Global Change and Intellectual Property Agencies: An Institutional Perspective

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Psychology Press, 1999 - Law - 130 pages
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Global change affects all areas of public policy and crucial aspects of governing institutions. National and international intellectual property (IP) agencies are increasingly at the fulcrum of such change but are among the least well-examined of governing and policy realms. Among the oldest agencies of government, they are moving from a long era of contented obscurity to that of increasing political and economic exposure and controversy.This is the first book to examine IP agencies in the context of this transformation. Taking a basic institutional perspective, the book examines the changes in and relationships among four national and international IP agencies: the patent offices of the US, UK, Canada and Australia; the World Intellectual Property Office, the European Patent Office and the World Trade Organization. Focusing on the 1990s, the book traces institutional changes that centre on the core trade-off in intellectual property policy between protection and dissemination of intellectual property. These are examined in relation to the two broad dusters of interests that operate around the protection versus dissemination functions. The former is dominated by big business and the IP professions and the latter by much more dispersed and emerging interests.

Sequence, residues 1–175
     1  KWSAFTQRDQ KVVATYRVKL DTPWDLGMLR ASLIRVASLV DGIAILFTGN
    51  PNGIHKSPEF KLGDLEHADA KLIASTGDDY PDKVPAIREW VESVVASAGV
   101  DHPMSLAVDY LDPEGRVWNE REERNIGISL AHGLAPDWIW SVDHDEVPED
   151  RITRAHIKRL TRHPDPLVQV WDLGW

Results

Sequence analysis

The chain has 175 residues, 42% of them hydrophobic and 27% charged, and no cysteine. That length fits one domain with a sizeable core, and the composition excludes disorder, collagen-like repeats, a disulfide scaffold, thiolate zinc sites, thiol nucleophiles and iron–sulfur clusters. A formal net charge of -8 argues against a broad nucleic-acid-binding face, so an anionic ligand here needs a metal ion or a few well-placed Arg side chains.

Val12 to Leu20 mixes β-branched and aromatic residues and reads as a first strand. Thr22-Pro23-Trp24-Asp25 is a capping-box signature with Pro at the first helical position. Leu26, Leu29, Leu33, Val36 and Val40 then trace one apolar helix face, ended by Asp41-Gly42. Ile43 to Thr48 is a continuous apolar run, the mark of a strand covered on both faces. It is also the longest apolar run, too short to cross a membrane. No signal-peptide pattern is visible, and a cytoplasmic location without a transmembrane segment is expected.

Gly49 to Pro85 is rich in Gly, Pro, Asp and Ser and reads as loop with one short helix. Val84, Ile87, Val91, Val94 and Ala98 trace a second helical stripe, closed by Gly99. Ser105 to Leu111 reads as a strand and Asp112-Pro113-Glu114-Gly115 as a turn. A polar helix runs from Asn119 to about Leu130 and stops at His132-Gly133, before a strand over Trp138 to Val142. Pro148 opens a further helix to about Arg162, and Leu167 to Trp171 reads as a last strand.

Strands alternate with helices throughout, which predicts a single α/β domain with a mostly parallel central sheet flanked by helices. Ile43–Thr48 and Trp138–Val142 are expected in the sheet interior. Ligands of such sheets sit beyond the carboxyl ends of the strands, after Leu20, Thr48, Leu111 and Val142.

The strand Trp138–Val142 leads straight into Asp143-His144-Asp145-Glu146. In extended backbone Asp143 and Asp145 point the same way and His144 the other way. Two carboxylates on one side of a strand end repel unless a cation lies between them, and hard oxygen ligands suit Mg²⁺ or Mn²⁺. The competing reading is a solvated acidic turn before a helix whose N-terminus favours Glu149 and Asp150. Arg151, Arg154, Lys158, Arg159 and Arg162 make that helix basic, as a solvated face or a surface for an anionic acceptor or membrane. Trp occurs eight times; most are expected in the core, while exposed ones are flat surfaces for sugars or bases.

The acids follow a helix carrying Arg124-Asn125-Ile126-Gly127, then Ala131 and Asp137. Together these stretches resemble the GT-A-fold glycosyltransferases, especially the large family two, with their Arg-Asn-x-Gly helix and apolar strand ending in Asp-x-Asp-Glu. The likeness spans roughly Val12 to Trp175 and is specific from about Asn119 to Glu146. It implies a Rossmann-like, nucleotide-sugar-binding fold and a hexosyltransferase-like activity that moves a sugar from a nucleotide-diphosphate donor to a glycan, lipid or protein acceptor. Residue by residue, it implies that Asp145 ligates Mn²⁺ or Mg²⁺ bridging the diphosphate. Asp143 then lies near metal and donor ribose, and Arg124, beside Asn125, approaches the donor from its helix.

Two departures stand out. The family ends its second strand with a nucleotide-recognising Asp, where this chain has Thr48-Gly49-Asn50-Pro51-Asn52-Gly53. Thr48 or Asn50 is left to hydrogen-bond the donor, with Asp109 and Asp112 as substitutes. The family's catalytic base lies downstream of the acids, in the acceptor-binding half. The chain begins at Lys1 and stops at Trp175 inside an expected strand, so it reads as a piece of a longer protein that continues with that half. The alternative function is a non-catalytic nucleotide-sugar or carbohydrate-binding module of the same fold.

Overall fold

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Contents

The Core Patent Cycle
14
The Evolution of Intellectual Property Agencies in the 1990s
26
Patents the Protection Role and Core IP Interests
40
The IP Dissemination Roles and Dispersed Emerging Interests
55
Trademarks and IP Institutions
69
Copyright Regulatory Institutions
80
TradeRelated IP and Relations
92
Conclusions
102
Bibliography
113
Index
125
Copyright

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